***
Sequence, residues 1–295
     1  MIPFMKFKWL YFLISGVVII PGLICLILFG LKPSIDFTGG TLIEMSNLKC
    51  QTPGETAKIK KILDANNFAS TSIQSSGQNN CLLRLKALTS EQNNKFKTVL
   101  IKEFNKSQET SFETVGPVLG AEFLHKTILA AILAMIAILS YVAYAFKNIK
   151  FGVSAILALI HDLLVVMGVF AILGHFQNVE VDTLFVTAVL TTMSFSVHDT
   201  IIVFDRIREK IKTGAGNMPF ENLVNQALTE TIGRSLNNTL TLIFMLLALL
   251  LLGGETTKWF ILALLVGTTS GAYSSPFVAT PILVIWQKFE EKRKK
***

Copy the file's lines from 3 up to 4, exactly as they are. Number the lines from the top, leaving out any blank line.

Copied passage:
    51  QTPGETAKIK KILDANNFAS TSIQSSGQNN CLLRLKALTS EQNNKFKTVL
   101  IKEFNKSQET SFETVGPVLG AEFLHKTILA AILAMIAILS YVAYAFKNIK